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Propiverine hydrochloride oral modified release


Modified release capsules containing propiverine hydrochloride

Drugs List

  • DETRUNORM XL 30mg modified release capsules
  • DETRUNORM XL 45mg modified release capsules
  • propiverine 30mg modified release capsules
  • propiverine 45mg modified release capsules
  • Therapeutic Indications


    Neurogenic bladder disorder
    Overactive bladder syndrome

    Treatment of urinary incontinence and/or urinary urgency and urinary frequency in patients with overactive bladder syndrome or neurogenic detrusor overactivity (detrusor hyperreflexia) from spinal cord injuries.



    Overactive bladder syndrome
    30 mg to 45 mg daily.

    Neurogenic bladder disorder
    45 mg daily.

    Patients may be transferred from standard-release tablets to the modified-release capsule which provides the same total daily dose.


    Overactive bladder syndrome
    30 mg to 45 mg daily.

    Neurogenic bladder disorder
    45 mg daily.

    Patients may be transferred from standard-release tablets to the modified-release capsule which provides the same total daily dose.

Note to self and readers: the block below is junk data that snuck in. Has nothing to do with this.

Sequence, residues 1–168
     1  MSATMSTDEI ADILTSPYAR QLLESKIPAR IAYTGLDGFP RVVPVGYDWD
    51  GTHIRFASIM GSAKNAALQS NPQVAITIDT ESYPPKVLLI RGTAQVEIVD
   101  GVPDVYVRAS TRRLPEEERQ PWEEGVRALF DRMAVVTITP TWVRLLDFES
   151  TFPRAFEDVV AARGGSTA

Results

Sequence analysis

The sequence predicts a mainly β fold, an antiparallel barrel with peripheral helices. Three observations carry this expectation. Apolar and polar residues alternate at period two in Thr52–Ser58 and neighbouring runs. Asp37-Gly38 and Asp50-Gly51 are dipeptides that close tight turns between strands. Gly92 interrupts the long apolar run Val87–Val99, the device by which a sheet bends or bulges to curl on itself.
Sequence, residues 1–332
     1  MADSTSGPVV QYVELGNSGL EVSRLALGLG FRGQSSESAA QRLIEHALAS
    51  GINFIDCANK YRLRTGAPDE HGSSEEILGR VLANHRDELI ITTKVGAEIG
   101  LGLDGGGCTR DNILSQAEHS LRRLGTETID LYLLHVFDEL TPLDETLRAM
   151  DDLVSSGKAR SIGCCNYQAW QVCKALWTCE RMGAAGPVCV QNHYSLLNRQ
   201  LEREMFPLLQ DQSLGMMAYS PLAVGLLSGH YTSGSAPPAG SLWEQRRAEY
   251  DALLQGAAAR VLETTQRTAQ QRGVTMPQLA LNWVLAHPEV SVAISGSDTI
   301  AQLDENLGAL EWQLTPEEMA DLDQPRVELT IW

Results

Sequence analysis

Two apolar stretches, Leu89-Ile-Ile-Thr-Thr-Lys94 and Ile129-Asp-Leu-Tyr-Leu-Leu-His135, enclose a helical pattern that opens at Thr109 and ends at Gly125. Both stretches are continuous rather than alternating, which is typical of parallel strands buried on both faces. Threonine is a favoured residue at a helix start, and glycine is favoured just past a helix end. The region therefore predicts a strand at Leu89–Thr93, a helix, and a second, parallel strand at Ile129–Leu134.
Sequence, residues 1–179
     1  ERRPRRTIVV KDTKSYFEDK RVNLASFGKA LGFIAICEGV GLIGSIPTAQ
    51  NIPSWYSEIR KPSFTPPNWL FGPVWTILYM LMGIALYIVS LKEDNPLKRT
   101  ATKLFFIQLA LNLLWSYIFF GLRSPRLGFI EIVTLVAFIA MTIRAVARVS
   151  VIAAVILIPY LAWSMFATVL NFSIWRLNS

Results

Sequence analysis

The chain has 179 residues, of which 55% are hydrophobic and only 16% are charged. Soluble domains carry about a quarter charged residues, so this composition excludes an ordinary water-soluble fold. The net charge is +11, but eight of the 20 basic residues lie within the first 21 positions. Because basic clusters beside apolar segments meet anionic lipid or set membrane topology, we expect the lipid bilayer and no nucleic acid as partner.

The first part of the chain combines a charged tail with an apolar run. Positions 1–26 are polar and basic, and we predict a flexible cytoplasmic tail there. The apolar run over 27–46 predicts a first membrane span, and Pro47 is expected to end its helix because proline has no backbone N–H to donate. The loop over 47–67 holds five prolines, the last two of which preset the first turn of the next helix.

Patients with Renal Impairment

    Creatinine clearance of less than 30 ml/minute
    Maximum dose of 30 mg daily.


    Children under 18 years
    Bladder outflow obstruction
    Gastrointestinal atony
    Gastrointestinal obstruction
    Moderate hepatic impairment
    Myasthenia gravis
    Narrow angle glaucoma
    Severe ulcerative colitis
    Toxic megacolon
    Urinary retention

    Precautions and Warnings

    Predisposition to narrow angle glaucoma
    Autonomic neuropathy
    Benign prostatic hyperplasia
    Cardiac arrhythmias
    Glucose-galactose malabsorption syndrome
    Hiatus hernia
    Ischaemic heart disease
    Lactose intolerance
    Mild hepatic impairment
    New York Heart Association class IV failure
    Reflux oesophagitis
    Renal impairment - creatinine clearance below 30 ml/minute

    Advise patient blurred vision may affect ability to drive/operate machinery